Last week we visited three islands off the coast of Newfoundland. One of them, Fogo, delivered the most unexpected and fun weekend of the trip to date.
First destination: Tilting. We were told at the visitor center, we had arrived just in time for their annual Feile Festival. We had no idea what that meant or what a treat we were in for.
The 100% Irish Catholic town had a line-up of music, food, and dancing lined up. It was a reunion weekend that families who had left the small fishing village to move to the city (Saint John’s) all came back to attend. We were among the handful of CFAs (Come From Away) guests.
Festivities officially started early in the week (Tuesday) with the gist of the festival being live radio broadcasts of the event shared in Ireland and other Irish or Irish-in-spirit communities around the world. All proceeds were to benefit the St Patrick’s parish hall, which was also party-central for the week’s events.
We arrived on Friday, in time to attend the church supper. A fish fry of course. Next up, the Shed Crawl. A $10 ticket allowed us to participate.
There would be alcohol involved so the first order of duty was to find suitable camping within walking distance. There is no campground. But immediately a local person offered a few central boondockng suggestions. Okay. This view from our site will do nicely, thank you.
A shed-crawl is like a pub crawl, but more in the “kitchen party” style of Newfoundland, except we’d be moving from one local shed to the next with five stops in all. We’d find featured entertainers in each shed, and then members of each walking group were invited to participate, sing a song, play an instrument, or tell a story or a lie.
All 200 participants met at the parish hall where we were divided into 5 groups of 40 people. We’d walk from one shed to the next, moving every 1/2 hour. It was a BYOB event – we walked the quiet streets, beverages in hand. Pretty civilized, really.
We were entertained by a great variety of music at each shed. With so much amazing local talent in Newfoundland – why would we be surprised?
In the course of the evening, we were warmly greeted by everyone we met and, since we were with the same group all evening, we made great connections and friendships with several people. We then continued to see each other at other events all weekend long.
Did Randy join in with entertaining? Well not during the shed crawl, but yes, he did manage to get up the courage the next day after some coaxing, we were invited back to one of the sheds for a less-organized Saturday afternoon jam session.
In fact, Foley’s Shed is considered a landmark in Tilting. The local inn (more about it later) sends their guests there for a taste of local culture.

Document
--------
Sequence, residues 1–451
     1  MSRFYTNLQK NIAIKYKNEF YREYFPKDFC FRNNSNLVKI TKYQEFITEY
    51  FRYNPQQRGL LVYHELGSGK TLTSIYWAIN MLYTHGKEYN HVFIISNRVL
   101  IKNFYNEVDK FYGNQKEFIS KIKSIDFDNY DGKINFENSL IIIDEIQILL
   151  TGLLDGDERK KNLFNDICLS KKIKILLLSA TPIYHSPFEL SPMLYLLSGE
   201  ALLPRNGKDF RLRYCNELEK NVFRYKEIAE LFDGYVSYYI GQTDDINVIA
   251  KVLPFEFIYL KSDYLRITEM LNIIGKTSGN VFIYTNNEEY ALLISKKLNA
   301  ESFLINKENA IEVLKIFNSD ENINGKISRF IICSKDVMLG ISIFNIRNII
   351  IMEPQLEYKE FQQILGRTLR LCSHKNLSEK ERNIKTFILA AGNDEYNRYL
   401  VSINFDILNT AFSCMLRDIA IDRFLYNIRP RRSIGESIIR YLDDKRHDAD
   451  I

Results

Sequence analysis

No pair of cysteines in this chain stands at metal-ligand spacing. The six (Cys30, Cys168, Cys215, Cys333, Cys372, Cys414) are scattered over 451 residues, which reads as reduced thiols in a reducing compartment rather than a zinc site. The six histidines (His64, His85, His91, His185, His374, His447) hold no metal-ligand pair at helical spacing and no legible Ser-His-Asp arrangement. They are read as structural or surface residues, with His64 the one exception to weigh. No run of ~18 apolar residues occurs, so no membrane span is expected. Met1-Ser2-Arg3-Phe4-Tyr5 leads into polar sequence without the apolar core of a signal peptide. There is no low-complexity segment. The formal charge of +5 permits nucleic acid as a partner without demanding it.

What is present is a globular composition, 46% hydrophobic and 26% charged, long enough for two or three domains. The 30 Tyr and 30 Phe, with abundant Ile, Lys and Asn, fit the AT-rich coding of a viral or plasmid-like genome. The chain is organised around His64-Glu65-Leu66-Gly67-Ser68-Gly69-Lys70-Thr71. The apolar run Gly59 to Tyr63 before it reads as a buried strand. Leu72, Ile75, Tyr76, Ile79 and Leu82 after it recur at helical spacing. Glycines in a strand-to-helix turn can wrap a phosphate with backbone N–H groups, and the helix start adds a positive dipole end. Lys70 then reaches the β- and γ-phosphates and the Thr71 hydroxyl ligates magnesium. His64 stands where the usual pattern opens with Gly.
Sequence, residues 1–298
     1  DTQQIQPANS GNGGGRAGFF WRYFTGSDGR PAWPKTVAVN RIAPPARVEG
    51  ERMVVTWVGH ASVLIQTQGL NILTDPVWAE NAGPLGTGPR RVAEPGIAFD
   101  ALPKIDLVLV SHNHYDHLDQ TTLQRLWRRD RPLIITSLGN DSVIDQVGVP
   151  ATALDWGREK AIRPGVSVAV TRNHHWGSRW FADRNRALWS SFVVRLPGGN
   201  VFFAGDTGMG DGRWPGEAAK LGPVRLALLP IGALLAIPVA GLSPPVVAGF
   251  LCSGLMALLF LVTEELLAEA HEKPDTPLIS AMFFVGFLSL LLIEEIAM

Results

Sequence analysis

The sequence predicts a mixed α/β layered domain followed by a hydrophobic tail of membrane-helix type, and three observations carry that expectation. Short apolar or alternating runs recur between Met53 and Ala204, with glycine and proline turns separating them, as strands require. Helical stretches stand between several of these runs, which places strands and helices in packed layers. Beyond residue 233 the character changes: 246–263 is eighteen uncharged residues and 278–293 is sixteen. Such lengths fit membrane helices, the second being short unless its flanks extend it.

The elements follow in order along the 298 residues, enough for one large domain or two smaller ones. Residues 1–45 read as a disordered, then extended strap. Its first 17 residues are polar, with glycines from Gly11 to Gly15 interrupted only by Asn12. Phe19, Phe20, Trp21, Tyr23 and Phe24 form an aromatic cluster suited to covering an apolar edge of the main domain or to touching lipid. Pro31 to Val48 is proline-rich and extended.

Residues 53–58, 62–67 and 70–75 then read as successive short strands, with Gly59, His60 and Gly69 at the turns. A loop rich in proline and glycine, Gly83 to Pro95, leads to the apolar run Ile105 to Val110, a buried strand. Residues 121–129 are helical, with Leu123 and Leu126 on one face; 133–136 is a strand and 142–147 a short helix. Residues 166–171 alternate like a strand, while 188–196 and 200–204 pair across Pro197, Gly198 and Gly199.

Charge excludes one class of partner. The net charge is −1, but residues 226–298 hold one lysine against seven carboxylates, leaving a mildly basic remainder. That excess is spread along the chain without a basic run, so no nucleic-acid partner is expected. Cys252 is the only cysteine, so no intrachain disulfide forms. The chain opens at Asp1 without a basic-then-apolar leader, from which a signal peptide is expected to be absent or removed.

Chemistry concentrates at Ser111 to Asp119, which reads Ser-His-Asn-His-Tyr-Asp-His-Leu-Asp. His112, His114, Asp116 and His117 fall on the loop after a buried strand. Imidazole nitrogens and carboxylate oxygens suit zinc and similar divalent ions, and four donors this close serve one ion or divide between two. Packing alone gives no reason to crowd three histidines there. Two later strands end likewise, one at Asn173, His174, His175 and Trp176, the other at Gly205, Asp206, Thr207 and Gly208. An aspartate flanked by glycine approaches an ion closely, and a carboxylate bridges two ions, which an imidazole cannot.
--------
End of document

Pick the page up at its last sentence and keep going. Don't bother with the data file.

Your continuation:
The architecture of the homes on Fogo Island is mainly salt-box style. Rectangular and two-story homes. Quite different than what we had seen on the west coast.
After a very memorable weekend in Tilting, we moved on to the next town on the island, Fogo. It was a cold, windy day so we only chose a short hike.
Can you believe that there is a “flat earth society”? People who are convinced the earth is flat. Stranger still, to learn that they think there are “corners” on the disc the describe as earth. This rock in Fogo is supposed to be one of the four corners.
No tour of Fogo Island would be complete without a tour of the Fogo Island Inn. When we found out they offer free tours to tourists (with a day’s notice), we were in.
The Inn is an amazing place with an amazing woman behind it. Zita Cobb, a Fogo Island native, made her fortune outside the province but came back to share it all in many ways. The Inn has welcomed many famous guests from all over the world, with rooms starting at $1900 plus per night but it includes extras like island excursions. All proceeds go through her non-profit organization, Shore Fast, to benefit the residents of Fogo Island. We met some of the gals she went to school with at the Tilting festival. I can assure you Zita is much loved on the island and it’s no wonder!
When we finally left Fogo, the same ferry allowed for a stop on Change Island. It was equally beautiful, small, with only one village, and really pretty coves.
When we finished our hike on Change Island, we stopped by Seven Oaks Inn and Cottages (the only inn on the island) where a woman, the owner, was trying to untangle her wash from the line. Randy offered to assist and she ended up asking us in for a tour of her lovely inn. The rates ($150 per night) were much more in keeping with what we could afford.
Our final island visit was to Twillingate, requiring no ferry – it’s connected to the mainland by a causeway.
We weathered a few days of miserable rain and wind before we had an opportunity to hike there. But we were rewarded with one of the most beautiful coastal hikes of the trip with a new view of a different cover at every turn.
And we were “Screeched In” in a local pub so we’re officially Newfoundlanders now. At least in spirit.
What a fun week!